Consider this quote:
My view of sexy is quite different from the mainstream. I find sexy to be revealed in the person, how they carry themselves and their characteristics, not in the looks. I think for many people, Chow Yun-Fat is sexy because he conveys confidence and a strong sense of self-esteem that most people are not used to associating with Asian men.
(Geraldine Kudaka, quoted in 'Rice is Nice', Yolk: For the Generasian Next
Form a picture of Chow Yun-Fat in your head: large dove's eyes, cute dimples, toothy grin. Perhaps the image you have is more than this, however; perhaps it is an image of him totin' guns and mowing down throngs of adversaries, as in A Better Tomorrow (1986, HK), Hard Boiled (1993, HK) and countless other Hong Kong action rides. Or maybe you are thinking of Chow wearing slick suits and carrying a large wad of cash, as in God of Gamblers (1989, HK) and God of Gamblers' Return (1995, HK). Perhaps you are even struggling with the question of why you cannot quite recall having seen Chow Yun-Fat have sex in a movie - certainly not with Cherie Cheung in An Autumn Tale (1988, HK), Jodie Foster in the Hollywood production Anna and the King (1999, USA), or Michelle Yeoh in the US-China collaboration Crouching Tiger, Hidden Dragon (2000, US/China), and definitely not with Danny Lee in The Killer (1989, HK) or Simon Lam in Full Contact (1992, HK). Not with anyone, ever, in fact.
You might find upon reflection that the quote requires further consideration. The fact that Geraldine Kudaka, editor of the first anthology of Asian American erotic literature ever published in the US, responds to the question 'Who do you think is the sexiest Asian
American male?' with the answer that, 'for many people' it is famed Hong Kong movie icon Chow Yun-Fat, may seem surprising, if not baffling. Simply put, given this particular actor's mega-star status in many regions of the world, it is widely known (if, crucially, not universally so) that Chow is a Chinese star, not an Asian American star. Yet it appears in this quote as if the lines are being blurred, as if no distinction is being drawn between the 'Asian American male' and non-US 'Asian men' such as Chow Yun-Fat.
Many observers may be oblivious to this rhetorical slippage, this elision of fundamental cultural distinctions between Asian America and Asia. (Herein lie the roots of a racist worldview that formulates 'Orientals' as always already the same, wherever they are from.) However, given that the interview from which the quote is taken was for Jolk, a leading Asian American style magazine, it is fair to assume that the implied reader will be aware of the complexities involved. She or he will probably recognise the need for such categorial elasticity, and so will have litde problem accepting Chow Yun-Fat as an Asian American star. (Indeed, the desire to form bonds between diverse Asian and Asian American individuals and societies is characteristic of the broader Asian American project of pan-ethnic community building and political solidarity.) According to this formulation, stars like Chow Yun-Fat are not just Chinese; they are also 'cousins' of their Asian American fans and admirers, and as such, defacto Asian Americans.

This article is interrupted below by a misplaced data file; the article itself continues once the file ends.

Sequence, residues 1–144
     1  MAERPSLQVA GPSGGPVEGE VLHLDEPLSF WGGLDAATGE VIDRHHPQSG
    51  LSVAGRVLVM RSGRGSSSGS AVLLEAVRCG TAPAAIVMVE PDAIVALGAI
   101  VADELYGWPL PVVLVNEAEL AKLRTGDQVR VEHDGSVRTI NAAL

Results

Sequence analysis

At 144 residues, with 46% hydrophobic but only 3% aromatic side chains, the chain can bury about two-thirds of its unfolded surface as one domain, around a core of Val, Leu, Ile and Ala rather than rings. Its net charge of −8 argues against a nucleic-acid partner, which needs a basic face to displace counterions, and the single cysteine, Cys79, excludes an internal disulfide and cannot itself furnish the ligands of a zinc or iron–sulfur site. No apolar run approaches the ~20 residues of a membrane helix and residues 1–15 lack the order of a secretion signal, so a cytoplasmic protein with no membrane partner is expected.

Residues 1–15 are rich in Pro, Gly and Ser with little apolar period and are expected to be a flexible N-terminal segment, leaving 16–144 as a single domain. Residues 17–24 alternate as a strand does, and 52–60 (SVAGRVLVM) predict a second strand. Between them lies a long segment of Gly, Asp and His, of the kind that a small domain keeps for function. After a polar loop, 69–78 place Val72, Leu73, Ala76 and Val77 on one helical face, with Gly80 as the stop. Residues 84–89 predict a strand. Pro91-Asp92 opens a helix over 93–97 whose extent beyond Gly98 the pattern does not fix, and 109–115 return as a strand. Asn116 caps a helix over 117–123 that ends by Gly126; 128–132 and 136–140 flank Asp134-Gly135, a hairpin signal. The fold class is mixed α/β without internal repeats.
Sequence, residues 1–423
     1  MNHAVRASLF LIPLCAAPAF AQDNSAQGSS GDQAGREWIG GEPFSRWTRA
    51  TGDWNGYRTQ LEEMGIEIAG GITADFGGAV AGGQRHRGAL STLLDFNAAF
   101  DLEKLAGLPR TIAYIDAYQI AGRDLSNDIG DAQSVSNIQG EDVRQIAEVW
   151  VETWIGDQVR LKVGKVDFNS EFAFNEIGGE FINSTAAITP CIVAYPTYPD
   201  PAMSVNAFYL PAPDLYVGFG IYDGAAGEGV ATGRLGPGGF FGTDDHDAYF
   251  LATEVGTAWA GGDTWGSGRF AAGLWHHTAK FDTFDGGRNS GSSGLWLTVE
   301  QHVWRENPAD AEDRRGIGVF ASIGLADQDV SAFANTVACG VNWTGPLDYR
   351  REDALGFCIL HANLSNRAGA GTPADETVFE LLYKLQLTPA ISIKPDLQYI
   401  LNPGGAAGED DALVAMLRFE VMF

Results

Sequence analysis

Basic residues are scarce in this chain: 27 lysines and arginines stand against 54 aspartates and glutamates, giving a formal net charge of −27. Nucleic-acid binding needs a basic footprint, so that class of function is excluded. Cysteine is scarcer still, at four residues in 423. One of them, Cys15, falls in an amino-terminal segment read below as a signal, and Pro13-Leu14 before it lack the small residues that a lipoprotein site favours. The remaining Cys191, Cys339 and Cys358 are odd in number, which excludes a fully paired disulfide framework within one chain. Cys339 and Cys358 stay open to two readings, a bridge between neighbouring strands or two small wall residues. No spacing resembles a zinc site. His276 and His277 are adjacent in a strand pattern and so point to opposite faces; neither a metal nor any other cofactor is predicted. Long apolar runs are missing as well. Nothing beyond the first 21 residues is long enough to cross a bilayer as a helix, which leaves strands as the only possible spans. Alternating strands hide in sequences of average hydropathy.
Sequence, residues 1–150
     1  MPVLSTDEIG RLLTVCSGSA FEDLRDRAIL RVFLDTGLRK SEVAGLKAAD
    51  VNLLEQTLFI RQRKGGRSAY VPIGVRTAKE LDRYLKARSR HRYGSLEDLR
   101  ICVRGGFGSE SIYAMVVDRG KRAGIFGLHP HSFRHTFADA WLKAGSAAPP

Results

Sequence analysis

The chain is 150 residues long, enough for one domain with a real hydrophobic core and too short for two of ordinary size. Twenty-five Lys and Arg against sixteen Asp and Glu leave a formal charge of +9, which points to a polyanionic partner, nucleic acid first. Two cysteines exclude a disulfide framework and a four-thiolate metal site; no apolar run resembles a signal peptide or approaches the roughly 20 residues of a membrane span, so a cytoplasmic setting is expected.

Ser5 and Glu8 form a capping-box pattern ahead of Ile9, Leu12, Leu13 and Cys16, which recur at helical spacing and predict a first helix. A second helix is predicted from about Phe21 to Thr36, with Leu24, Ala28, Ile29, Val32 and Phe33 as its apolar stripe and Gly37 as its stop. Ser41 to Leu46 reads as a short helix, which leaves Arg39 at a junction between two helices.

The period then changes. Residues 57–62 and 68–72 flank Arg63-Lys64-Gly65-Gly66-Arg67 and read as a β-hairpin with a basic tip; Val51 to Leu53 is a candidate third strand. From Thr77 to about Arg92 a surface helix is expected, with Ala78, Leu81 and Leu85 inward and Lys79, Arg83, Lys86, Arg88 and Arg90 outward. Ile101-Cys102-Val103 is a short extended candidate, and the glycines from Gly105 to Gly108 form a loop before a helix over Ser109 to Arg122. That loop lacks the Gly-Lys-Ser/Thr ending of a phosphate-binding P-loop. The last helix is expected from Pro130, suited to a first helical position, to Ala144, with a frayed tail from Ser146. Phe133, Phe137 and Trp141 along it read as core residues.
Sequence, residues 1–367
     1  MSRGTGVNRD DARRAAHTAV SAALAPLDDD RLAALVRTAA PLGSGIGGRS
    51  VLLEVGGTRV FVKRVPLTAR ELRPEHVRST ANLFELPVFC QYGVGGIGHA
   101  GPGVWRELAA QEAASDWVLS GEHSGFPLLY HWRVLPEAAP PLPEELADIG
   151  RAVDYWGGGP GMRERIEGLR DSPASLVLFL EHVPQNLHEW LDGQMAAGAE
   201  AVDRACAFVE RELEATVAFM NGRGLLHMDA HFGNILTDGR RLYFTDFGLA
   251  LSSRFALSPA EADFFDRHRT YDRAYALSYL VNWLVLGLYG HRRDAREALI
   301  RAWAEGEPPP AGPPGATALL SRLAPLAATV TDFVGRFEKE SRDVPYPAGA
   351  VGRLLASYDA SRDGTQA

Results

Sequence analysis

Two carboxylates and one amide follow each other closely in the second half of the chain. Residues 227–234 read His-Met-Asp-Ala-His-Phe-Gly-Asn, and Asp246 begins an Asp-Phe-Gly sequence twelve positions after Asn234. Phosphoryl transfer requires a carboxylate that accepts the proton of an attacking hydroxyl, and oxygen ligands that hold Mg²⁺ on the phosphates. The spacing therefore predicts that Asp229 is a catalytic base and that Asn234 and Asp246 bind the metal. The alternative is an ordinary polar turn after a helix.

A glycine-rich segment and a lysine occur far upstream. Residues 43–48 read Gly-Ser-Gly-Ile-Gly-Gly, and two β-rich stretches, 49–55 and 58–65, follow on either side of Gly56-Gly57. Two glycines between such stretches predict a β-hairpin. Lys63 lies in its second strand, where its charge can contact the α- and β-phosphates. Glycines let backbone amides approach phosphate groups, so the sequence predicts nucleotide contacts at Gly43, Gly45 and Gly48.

On another level, though, Kudaka's response raises a point of possible dissent. This may be taken as indicative of the potentially volatile differences that characterise Asian American communities with distinct national and ethnic identities and heritages. When looked at closely, the quote reveals how Kudaka skilfully side-steps the requirements of a personal answer. The question 'Who do you think is the sexiest Asian American male?' is answered with a speech act concerning what 'many people' and 'most people' may consider to be sexually attractive in 'Asian men'. I find two aspects of this speech act particularly interesting.
To begin with, in light of the highly particularised nature of KolKs readership, here is an unusually ambiguous and unexplained appeal to 'the mainstream'. It is not clear, for example, whether Kudaka is talking about the mass US (or non-US?) audience, or about the 'mainstream' Asian American community of Yolk readers - which she implicitly, and cryptically, sets herself against. Secondly, I also find a quiet resistance, an intriguing stubbornness and refusal, in her answer. They may find Chow Yun-Fat sexy, but my view of the sexy Asian American man is different; more than that, I am not going to explain what my view actually is! The quote seems to suggest that Asian American sexiness must retain an 'inner', virtually secret, dimension. Push the logic of these observations one step further, and Kudaka's words come to imply a number of different perspectives on the subject of Asian stars and Asian American audiences. In this quote, she could by turns be validating, criticising or rejecting Chow Yun-Fat's relevance for Asian Americans. She could be promoting some delicious - because barely formed - Asian American erotic programme or political manifesto.2 Equally, Kudaka could be offering confirmation that confidence and self-esteem, as well as 'character' and 'personhood', are indeed of crucial importance to America's favourite 'model minority'. Her quote could be read as carrying all of the above implications.
In this chapter, I want to discuss developments in the role of Asian stars in Hollywood in the 1990s. I am concerned with one key question: to what extent can and should Asian stars such as Chow Yun-Fat be deemed more significant participants in the discourse of Asian American stardom, purveyors of greater confidence and greater self-esteem, than home-grown US talents? As we pursue this subject, is there a way in which we can unscramble some of the above without falling into Orientalist traps?
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